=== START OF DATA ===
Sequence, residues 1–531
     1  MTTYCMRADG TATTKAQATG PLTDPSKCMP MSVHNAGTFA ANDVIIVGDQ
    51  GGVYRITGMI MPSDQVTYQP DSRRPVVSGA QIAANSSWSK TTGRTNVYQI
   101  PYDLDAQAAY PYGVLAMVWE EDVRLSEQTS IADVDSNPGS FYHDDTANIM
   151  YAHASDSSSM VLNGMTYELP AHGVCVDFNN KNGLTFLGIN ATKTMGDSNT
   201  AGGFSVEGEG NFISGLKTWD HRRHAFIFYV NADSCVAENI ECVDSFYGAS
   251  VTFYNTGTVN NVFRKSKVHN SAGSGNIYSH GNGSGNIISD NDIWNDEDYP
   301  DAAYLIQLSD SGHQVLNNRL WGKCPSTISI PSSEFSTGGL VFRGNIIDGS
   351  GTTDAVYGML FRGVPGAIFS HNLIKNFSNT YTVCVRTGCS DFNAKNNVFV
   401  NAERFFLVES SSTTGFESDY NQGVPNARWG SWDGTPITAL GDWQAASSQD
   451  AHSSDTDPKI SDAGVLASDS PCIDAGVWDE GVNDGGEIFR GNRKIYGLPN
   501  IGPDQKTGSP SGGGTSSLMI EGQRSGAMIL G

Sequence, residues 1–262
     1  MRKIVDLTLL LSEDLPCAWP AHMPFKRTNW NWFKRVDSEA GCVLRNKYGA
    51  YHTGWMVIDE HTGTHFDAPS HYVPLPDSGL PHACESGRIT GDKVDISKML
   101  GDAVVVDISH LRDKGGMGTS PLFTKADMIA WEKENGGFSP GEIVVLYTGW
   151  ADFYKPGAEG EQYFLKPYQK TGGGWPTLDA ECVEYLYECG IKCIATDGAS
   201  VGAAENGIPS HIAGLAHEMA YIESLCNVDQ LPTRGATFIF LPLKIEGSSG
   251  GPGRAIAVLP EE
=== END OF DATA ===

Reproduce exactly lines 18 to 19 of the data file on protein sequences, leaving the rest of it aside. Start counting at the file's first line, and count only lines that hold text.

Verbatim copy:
   201  VGAAENGIPS HIAGLAHEMA YIESLCNVDQ LPTRGATFIF LPLKIEGSSG
   251  GPGRAIAVLP EE